## 9.1 - The Index Futures Basics

The Nifty Futures is a special commodity in the Indian derivatives market. Nifty Futures is the most traded futures instrument in India, making it one of the most liquid contracts on Indian derivative markets. You may be surprised to learn that Nifty Futures is one of the most traded index futures contracts in the world. As soon as you become comfortable with futures trading, I imagine that you will be trading Nifty Futures like many others. It would be logical to learn all you can about Nifty Futures.

Assuming you have a basic understanding of the index, I will now discuss the Index Futures and the Nifty Futures.

The futures instrument, as we all know, is a derivative contract whose value derives from an underlying asset. The Index is the underlying asset in the context of Nifty Futures. The Nifty Index is the underlying of the Nifty Futures. The Nifty futures value will also increase if Nifty Index's value increases. The Index futures would also decline if Nifty Index's value falls.

Here's a snapshot of Nifty Futures contract

Nifty Futures can be purchased in any of the three options available for futures contracts: current month, middle-month and far month. For your convenience, I have highlighted them in red. For your reference, I have also highlighted the Nifty futures price at Rs. 11,484.9 for each unit of Nifty. The equivalent underlying value (index in spot) was Rs. 11,470.70 The futures pricing formula is responsible for the difference in the spot and futures prices. In the next chapter, we will discuss futures pricing concepts.

You will also notice that the lot size is 75 The contract value is -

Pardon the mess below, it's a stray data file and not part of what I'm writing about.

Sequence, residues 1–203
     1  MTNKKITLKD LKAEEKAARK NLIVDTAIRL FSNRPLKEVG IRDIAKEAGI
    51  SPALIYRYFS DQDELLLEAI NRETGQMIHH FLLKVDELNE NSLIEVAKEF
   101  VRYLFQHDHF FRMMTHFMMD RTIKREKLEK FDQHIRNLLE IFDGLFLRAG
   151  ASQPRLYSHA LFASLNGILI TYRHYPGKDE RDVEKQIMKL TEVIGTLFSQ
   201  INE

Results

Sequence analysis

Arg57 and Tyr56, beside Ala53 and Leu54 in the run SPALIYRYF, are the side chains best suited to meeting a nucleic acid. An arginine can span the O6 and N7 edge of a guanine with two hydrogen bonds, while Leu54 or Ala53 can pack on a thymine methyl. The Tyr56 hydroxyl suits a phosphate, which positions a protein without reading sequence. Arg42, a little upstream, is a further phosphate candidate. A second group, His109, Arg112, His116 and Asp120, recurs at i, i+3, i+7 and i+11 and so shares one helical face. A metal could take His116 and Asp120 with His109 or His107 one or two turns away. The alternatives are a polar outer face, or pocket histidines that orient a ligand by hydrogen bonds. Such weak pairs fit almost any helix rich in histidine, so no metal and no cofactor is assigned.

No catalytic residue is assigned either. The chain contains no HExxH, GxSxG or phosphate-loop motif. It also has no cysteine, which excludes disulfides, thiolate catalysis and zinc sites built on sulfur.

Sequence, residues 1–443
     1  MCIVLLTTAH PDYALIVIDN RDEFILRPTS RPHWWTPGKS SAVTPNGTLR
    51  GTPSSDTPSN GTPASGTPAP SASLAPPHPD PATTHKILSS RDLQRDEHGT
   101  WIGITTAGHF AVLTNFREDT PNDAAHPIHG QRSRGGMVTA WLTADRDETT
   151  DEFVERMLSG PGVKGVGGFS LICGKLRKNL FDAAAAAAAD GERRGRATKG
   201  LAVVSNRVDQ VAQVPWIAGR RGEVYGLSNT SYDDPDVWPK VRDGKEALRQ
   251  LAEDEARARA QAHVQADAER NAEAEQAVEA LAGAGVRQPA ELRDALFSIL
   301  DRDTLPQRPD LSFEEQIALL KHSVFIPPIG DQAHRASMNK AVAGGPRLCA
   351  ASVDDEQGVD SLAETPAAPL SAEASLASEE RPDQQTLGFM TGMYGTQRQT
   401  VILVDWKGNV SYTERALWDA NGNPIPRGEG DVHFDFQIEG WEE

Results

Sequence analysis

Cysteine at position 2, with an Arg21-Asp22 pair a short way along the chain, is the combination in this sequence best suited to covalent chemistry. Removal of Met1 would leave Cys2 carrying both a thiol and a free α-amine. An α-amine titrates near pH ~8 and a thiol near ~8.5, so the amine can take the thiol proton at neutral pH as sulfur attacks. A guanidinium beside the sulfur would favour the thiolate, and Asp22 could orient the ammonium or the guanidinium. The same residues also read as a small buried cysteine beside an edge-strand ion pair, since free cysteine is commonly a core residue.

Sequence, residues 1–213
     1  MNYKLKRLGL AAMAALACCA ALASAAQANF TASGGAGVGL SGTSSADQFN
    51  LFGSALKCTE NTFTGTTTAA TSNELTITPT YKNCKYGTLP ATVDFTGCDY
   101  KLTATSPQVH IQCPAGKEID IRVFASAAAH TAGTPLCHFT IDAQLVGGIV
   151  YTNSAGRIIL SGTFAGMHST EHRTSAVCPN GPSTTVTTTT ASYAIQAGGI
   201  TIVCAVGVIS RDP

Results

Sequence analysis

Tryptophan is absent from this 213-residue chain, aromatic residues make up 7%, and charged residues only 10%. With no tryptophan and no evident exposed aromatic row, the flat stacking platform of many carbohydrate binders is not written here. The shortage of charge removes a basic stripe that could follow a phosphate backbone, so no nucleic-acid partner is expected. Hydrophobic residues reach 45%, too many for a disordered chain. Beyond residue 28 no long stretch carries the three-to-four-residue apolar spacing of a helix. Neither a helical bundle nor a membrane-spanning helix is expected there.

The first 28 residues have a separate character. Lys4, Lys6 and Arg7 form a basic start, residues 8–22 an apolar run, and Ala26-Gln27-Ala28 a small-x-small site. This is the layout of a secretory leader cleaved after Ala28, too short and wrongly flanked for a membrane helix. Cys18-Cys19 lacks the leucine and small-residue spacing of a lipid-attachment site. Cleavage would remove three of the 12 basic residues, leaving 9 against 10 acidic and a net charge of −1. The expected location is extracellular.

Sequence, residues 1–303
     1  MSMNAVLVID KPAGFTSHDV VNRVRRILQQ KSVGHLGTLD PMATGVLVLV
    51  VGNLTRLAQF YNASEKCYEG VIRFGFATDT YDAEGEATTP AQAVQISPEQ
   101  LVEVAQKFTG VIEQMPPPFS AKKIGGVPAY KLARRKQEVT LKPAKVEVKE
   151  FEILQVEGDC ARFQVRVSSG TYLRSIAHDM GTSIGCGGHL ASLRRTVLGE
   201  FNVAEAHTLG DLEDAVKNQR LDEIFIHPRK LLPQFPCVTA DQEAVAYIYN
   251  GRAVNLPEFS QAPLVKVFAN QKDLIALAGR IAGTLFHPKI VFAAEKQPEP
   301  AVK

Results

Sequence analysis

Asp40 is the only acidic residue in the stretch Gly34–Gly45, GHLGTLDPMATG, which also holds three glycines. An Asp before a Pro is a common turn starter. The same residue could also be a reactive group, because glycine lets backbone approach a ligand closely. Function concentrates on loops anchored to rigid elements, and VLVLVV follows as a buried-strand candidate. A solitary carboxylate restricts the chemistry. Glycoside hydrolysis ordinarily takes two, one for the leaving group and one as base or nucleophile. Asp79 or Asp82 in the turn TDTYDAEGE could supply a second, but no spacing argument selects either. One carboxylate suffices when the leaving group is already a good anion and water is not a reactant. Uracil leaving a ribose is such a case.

CV = Futures Price * Lot Size

= 11484.90 *75

= Rs.861,367/ -

These are the margin requirements to trade Nifty Futures.

Type of OrderMargin
NRMLRs.68810/-
MISRs.24,083/ -
BO & CORs.12,902/ -

These details should give an overview of Nifty Futures. Nifty Futures' liquidity is one of its main strengths. Let's now learn what liquidity is, and how to measure it.

## 9.2 - Impact Cost

Last updated 24 August 2021. According to the NSE definition of Impact Cost, it is the cost that buyers and sellers must bear in order to execute a transaction in a security. This measure is used to assess market liquidity. It provides traders with a more accurate picture than the bid-ask spread. It is different for the buy-side and the sell-side. The amount of the transaction will also affect it. The order book changes the impact cost dynamically. Stocks that are included in indices, such as Nifty 50 or Nifty 500, must meet a minimum impact cost threshold to be eligible.

Here's how to calculate the impact cost:

Ideal Price = (Best Price in Orderbook + Best Selling Price in Orderbook)

Actual Buy Price = Sum (Quantity * Execution price) / Total Quantity

Impact Cost (for that quantity) = (Actual buy price - Ideal price) / Ideal price * 100

Let's take Infosys as an example to illustrate this.

Let's say that a person wants 350 Infosys. Let's now calculate the impact cost of this transaction.

Ideal price = (1657.95+1658)/2 =1657.9751657.98

Actual Buy Price = (15*1658) + (335*1658.20), / 350 = 1658.19143, 1658.19

Impact Cost of buying 350 shares = (1658.19 -1657.98 / 1657.98 / 100 = 0.12%

These are the key messages I want to convey from this discussion:

1. The impact cost provides liquidity
2. The lower the stock's liquidity, the lower the impact cost
3. Liquidity is also measured by the spread between selling and buying prices.
1. The spread is a measure of the impact cost.
2. The spread is lower, so the impact cost will be lower
4. Liquidity is more important than volatility.